Money Supply

Back on the 29th of May I pointed out that the blue touch paper had been lit on the  money supply boom of 2020. Well the rocket is lifting off.

Annual growth rate of narrower monetary aggregate M1, comprising currency in circulation and overnight deposits, increased to 12.5% in May from 11.9% in April.

That compares with the recent nadir of an annual rate of 6.2% in January of 2019. Another comparison is that the rate of annual growth was around 8% before the latest phase of monetary action such as the extra Quantitative Easing of the PEPP. The weekly reporting does not exactly match a month but we saw an extra 116 billion Euros in May from it.

You will not be surprised to learn that the surge above pushed broad money growth higher as well.

Annual growth rate of broad monetary aggregate M3, increased to 8.9% in May 2020 from 8.2% in April (revised from 8.3%).

Indeed it is mostly a narrow money thing.

Looking at the components’ contributions to the annual growth rate of M3, the narrower aggregate M1 contributed 8.4 percentage points (up from 8.0 percentage points in April), short-term deposits other than overnight deposits (M2-M1) contributed 0.2 percentage point (up from -0.1 percentage point) and marketable instruments (M3-M2) contributed 0.3 percentage point (as in the previous month).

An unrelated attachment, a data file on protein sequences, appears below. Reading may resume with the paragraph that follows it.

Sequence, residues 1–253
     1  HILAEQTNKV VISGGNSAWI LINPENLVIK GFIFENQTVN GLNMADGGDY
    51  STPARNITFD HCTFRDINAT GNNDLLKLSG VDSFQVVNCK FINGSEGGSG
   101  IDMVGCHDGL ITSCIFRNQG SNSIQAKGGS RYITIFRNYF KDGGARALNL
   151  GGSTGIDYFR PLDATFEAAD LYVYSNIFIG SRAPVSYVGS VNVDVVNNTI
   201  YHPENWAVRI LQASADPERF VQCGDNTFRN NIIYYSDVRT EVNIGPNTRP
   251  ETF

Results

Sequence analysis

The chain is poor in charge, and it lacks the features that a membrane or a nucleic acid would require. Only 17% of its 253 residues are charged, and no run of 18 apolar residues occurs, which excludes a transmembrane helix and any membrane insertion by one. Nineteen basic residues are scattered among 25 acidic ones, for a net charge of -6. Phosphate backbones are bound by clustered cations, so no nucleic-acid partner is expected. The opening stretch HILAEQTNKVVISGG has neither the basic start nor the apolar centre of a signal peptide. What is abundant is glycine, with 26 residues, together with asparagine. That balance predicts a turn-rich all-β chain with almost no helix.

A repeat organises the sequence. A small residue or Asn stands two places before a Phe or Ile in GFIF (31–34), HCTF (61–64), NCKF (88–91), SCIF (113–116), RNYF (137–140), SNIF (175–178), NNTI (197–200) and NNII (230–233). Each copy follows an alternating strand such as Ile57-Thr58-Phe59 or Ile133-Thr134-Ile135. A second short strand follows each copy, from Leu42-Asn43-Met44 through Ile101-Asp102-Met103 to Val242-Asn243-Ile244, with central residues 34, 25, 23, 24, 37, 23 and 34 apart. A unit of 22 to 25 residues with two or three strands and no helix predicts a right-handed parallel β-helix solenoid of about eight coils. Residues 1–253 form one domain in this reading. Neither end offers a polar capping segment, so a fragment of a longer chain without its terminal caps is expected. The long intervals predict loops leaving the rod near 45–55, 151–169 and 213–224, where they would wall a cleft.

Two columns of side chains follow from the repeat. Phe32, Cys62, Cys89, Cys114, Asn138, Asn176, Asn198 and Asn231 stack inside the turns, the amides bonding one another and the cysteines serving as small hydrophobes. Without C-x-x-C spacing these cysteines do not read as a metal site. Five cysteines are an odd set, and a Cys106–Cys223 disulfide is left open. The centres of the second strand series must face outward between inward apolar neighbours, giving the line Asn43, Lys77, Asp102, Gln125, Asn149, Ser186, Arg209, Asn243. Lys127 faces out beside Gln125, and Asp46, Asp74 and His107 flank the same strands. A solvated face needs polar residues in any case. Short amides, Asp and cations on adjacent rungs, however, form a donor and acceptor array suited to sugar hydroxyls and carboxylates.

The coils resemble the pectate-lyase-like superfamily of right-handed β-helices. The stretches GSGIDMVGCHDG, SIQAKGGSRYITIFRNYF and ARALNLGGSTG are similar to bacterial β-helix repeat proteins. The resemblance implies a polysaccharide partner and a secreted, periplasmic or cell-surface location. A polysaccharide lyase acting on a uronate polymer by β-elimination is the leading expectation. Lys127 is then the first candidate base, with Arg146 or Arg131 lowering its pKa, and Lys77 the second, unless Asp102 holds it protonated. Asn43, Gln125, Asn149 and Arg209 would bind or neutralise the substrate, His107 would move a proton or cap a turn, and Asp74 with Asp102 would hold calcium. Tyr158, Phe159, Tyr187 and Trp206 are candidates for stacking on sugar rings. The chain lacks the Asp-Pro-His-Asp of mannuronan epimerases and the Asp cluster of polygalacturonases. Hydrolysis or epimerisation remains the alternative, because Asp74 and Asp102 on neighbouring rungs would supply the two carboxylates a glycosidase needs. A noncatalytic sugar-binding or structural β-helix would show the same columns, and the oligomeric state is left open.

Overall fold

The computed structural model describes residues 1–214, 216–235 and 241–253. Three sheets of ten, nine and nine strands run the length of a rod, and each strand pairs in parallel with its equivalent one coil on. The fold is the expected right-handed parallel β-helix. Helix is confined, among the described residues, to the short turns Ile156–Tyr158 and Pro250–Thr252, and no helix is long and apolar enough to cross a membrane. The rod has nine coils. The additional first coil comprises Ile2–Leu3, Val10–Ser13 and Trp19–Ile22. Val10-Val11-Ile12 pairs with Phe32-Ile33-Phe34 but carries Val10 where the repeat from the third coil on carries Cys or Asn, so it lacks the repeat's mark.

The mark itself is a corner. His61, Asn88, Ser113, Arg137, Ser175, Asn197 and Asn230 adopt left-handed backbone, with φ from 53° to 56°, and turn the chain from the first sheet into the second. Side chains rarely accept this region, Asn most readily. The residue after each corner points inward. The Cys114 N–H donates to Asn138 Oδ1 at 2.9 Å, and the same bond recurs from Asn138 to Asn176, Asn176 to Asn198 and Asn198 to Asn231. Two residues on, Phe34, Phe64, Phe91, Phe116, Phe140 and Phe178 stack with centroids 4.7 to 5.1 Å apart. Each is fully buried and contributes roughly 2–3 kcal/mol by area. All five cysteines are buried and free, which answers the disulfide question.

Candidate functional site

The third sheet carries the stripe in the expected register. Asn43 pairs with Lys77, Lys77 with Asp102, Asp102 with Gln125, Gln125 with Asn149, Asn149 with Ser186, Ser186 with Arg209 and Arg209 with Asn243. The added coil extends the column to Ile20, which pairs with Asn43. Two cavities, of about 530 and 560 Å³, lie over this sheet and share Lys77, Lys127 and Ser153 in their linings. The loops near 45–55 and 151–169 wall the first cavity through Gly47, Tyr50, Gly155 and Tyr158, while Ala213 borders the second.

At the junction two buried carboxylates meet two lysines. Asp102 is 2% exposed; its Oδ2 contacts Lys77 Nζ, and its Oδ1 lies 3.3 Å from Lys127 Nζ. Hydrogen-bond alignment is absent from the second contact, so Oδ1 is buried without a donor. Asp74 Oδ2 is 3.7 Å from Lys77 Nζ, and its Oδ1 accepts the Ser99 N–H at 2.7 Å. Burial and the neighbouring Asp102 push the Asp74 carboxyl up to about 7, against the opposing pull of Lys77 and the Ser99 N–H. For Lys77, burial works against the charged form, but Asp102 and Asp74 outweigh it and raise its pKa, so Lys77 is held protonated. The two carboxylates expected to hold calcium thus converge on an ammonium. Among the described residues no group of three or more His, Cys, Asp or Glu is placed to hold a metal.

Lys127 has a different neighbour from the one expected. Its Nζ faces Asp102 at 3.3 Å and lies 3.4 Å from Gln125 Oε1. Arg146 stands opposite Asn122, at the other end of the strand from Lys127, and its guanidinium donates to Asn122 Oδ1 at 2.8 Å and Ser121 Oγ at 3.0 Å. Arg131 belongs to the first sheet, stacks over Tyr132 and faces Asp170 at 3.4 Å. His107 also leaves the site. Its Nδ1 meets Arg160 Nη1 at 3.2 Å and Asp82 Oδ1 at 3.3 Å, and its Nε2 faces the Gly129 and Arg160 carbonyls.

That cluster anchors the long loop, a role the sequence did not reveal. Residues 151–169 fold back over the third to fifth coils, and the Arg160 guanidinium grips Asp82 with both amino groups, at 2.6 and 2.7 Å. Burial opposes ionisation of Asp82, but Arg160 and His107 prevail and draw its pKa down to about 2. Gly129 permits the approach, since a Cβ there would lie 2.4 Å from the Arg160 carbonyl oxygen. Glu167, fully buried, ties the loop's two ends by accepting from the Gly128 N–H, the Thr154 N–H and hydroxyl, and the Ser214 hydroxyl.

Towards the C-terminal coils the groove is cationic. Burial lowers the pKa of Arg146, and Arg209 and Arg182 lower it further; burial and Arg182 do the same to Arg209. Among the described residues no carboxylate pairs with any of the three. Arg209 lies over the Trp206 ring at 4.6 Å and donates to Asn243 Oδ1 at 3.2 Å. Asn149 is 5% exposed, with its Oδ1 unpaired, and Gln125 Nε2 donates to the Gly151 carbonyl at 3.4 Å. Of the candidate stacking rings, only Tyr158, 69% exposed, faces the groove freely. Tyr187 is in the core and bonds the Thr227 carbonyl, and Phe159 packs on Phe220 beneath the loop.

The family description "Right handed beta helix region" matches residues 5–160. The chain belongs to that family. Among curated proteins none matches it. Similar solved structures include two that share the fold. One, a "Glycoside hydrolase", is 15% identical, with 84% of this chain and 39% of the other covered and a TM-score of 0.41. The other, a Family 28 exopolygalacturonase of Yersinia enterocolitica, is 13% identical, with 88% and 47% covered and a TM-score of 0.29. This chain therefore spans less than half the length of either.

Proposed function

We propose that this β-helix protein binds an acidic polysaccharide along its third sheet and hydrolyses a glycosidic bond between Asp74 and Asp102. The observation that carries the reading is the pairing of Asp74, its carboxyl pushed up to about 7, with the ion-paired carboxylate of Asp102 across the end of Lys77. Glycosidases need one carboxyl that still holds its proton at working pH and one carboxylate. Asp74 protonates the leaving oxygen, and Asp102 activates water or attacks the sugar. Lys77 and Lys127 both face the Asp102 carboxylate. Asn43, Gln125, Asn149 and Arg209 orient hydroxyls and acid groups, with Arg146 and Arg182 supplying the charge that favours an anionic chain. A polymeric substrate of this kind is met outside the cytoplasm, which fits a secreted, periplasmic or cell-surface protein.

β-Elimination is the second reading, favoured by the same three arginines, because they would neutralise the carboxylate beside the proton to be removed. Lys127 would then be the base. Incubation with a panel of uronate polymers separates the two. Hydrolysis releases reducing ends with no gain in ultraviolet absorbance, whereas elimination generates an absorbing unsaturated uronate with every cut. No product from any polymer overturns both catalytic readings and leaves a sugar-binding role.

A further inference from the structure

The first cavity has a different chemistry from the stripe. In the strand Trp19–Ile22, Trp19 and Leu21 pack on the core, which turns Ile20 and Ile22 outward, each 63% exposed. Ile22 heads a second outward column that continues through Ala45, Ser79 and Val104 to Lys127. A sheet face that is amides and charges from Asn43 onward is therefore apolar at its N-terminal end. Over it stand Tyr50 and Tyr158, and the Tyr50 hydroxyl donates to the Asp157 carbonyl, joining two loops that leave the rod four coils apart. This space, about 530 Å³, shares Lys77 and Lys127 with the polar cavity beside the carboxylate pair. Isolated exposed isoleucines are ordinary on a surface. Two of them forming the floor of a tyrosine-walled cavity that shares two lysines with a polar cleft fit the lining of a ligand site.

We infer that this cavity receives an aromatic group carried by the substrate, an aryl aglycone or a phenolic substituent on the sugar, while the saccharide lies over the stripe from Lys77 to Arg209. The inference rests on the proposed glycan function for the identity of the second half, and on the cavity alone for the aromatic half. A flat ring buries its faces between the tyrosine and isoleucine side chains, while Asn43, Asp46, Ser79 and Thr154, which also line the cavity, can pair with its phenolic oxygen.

The pattern here is not quite the same as whilst the January 2019 reading at 3.8% was low the nadir is 3.5% in August of 2018. That provides some food for thought because if you apply the expected response to this the Euro area economy should have been slowing further about now. Of course the pandemic has created such a fog we cannot see one way or another about whether that held true.

There is another way of analysing this and here is a balance sheet style view.